JVM Flags – Part 3 – Printing all XX Flags and their Values

With Java 6 (update 20 oder 21), the HotSpot JVM offers two new command line flags which print a table of all XX flags and their values to the command line right after JVM startup. As many HotSpot users were longing for such a feature since the first versions of Java, I decided to make it the main topic of this article.

-XX:+PrintFlagsFinal and -XX:+PrintFlagsInitial

Let us take a look at the output of the new flags right away. Starting the client VM using -XX:+PrintFlagsFinal results in an alphabetically sorted table of 590 XX flags (note that the number of flags may change with each release):

$ java -client -XX:+PrintFlagsFinal Benchmark
[Global flags]
uintx AdaptivePermSizeWeight               = 20               {product}
uintx AdaptiveSizeDecrementScaleFactor     = 4                {product}
uintx AdaptiveSizeMajorGCDecayTimeScale    = 10               {product}
uintx AdaptiveSizePausePolicy              = 0                {product}
uintx YoungGenerationSizeSupplementDecay   = 8                {product}
uintx YoungPLABSize                        = 4096             {product}
 bool ZeroTLAB                             = false            {product}
 intx hashCode                             = 0                {product}

Each table row represents an XX flag and contains five columns. The first column shows the data type of the flag, the second one its name, the fourth one its value, and the fifth one its category. In the third column, “=” means that the value in column 4 is the default value for the flag, while “:=” indicates that the flag was set to that value (either by the user or by JVM ergonomics).

Note that I am only using the “Benchmark” class for this example because it was used in the previous parts of this series as well. You can get the same output even without a main class by running java with the additional parameter -version.

Now let us check how many flags the server VM offers. In order to unlock any additional hidden flags, we also specify the flags -XX:+UnlockExperimentalVMOptions and -XX:+UnlockDiagnosticVMOptions:

$ java -server -XX:+UnlockExperimentalVMOptions -XX:+UnlockDiagnosticVMOptions -XX:+PrintFlagsFinal Benchmark

The result is a whopping 724 flags. Wow! Let us take a look at the flags that have been set to values other than the default:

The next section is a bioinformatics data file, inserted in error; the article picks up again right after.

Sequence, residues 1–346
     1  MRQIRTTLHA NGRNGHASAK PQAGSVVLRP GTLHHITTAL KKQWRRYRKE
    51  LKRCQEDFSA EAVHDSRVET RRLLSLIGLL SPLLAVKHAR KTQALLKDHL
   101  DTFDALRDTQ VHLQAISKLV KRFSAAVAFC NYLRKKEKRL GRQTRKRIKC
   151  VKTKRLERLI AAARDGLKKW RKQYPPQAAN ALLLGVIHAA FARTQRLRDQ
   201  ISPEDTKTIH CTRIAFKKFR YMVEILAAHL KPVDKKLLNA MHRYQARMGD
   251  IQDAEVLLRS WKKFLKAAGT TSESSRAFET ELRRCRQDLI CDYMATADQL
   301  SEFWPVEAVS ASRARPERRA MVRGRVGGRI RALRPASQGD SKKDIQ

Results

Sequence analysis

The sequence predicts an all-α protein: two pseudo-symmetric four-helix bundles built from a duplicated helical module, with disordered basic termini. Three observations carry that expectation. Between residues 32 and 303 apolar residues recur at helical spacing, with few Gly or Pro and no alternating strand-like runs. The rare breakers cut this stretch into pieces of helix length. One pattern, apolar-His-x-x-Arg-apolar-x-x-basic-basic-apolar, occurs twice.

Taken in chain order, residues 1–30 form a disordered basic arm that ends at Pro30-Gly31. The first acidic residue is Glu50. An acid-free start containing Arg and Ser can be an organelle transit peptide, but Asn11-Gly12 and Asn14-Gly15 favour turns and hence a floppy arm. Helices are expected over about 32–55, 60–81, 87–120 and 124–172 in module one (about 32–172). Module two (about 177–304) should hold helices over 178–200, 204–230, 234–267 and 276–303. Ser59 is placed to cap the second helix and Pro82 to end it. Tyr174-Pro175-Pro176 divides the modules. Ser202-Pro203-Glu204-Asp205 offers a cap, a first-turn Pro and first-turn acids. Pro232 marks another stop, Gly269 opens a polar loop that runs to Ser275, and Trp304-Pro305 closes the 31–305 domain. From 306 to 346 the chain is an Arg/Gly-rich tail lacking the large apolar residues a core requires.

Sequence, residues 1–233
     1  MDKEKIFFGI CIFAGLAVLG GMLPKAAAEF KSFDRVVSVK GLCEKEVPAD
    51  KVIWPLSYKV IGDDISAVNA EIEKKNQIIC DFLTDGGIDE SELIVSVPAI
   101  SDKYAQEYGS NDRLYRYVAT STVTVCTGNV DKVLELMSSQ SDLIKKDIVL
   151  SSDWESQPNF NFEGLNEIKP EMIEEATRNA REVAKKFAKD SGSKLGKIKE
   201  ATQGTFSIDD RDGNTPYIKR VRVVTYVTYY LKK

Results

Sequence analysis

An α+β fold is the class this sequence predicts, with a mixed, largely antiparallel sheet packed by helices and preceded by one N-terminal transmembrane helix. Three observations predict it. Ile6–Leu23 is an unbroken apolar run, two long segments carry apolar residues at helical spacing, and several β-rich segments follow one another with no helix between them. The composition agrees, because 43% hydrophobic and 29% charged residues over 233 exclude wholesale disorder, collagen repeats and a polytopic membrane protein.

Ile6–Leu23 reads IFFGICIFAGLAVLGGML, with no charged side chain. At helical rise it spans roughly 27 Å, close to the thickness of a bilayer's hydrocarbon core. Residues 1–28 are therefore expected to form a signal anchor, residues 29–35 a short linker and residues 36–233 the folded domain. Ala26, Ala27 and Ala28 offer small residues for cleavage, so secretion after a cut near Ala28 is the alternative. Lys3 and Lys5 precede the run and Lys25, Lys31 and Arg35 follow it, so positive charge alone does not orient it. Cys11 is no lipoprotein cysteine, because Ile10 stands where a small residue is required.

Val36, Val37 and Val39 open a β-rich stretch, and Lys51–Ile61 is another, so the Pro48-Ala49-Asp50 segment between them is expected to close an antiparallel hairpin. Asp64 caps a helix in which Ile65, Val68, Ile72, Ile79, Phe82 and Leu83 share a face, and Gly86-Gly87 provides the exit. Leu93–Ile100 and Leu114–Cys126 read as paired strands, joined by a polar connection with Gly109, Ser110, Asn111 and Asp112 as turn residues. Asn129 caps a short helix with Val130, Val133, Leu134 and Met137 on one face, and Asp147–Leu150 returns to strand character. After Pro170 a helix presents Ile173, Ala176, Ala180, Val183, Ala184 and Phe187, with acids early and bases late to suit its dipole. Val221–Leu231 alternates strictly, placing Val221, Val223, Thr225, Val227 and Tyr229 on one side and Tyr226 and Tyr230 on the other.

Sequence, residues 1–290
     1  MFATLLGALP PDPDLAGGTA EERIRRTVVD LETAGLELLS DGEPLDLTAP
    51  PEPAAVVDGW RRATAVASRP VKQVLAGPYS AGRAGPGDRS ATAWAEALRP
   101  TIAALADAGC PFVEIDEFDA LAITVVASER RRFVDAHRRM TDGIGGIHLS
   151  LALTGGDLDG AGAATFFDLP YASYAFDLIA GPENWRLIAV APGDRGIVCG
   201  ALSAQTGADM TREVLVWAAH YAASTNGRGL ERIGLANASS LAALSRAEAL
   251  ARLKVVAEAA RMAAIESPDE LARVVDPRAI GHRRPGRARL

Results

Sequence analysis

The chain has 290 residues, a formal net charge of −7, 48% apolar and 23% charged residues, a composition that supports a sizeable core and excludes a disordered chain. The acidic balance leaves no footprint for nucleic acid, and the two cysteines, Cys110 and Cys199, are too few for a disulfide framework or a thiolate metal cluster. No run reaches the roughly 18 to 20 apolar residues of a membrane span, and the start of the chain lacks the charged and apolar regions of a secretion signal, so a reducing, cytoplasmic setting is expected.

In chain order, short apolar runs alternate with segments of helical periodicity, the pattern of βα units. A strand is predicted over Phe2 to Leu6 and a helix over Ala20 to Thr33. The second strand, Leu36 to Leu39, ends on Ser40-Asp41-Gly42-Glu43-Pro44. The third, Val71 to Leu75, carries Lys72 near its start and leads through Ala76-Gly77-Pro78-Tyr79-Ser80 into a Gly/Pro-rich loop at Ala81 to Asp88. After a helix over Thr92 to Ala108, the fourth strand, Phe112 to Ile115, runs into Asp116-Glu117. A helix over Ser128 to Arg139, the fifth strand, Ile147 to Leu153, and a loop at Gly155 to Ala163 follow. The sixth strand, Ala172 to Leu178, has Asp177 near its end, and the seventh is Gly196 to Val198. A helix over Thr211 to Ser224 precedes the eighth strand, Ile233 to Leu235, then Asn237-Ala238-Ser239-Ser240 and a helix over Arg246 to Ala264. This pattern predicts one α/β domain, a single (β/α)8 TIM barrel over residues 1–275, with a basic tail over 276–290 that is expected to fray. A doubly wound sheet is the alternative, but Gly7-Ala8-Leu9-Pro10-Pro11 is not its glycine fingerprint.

$ java -server -XX:+UnlockExperimentalVMOptions -XX:+UnlockDiagnosticVMOptions -XX:+PrintFlagsFinal Benchmark | grep ":"
<pre>uintx InitialHeapSize                     := 57505088         {product}
uintx MaxHeapSize                         := 920649728        {product}
uintx ParallelGCThreads                   := 4                {product}
 bool PrintFlagsFinal                     := true             {product}
 bool UseParallelGC                       := true             {product}

We have only set one of the flags, -XX:+PrintFlagsFinal, ourselves. The other flags were set by the server VM based on the underlying system, in order to run with appropriate heap size and garbage collector settings.

If we only want to see the default values of all XX flags, we can use a related flag, -XX:+PrintFlagsInitial. With -XX:+PrintFlagsInitial, the output only shows the original “=” entries in column 3 (also for those flags that were set to other values). However, note that some of the flags are missing when compared to the output of -XX:+PrintFlagsFinal, supposedly because these flags are created dynamically.

It is interesting to study the table contents in order to compare the behavior of the client and the server VM. Also, it is revealing to see which flags affect the values of other flags when being set on the command line. For the interested reader, such a study is described in the excellent blog post Inspecting HotSpot JVM Options. This post also briefly explains the meaning of the flag categories shown in column 5.


To conclude the topic, let us consider one more flag which in fact has been available for quite some time already: -XX:+PrintCommandLineFlags. This flag tells the JVM to print the names and values of exactly those XX flags that have been set by the user or JVM ergonomics on startup. In other words, it lists the flags that have a “:=” in column 3 of the -XX:+PrintFlagsFinal output. Seen this way, we may consider -XX:+PrintCommandLineFlags as a shortcut to use when we are only interested in the modified flags. Let us return to the above example:

$ java -server -XX:+PrintCommandLineFlags Benchmark
-XX:InitialHeapSize=57505088 -XX:MaxHeapSize=920081408 -XX:ParallelGCThreads=4 -XX:+PrintCommandLineFlags -XX:+UseParallelGC

Now if we set -XX:+PrintCommandLineFlags every time we start a Java program and write its output to a log file, we document the effects of our JVM flag settings on the performance of the application. Thus, similar to -showversion (see part 1 of this series), I consider -XX:+PrintCommandLineFlags a flag that should always be set on JVM startup. It comes for free, and you never know when you are going to need that information.

It is curious to see that – not only in this example – the maximum heap size as listed by -XX:+PrintCommandLineFlags is a little bit smaller than the corresponding value shown by -XX:+PrintFlagsFinal.


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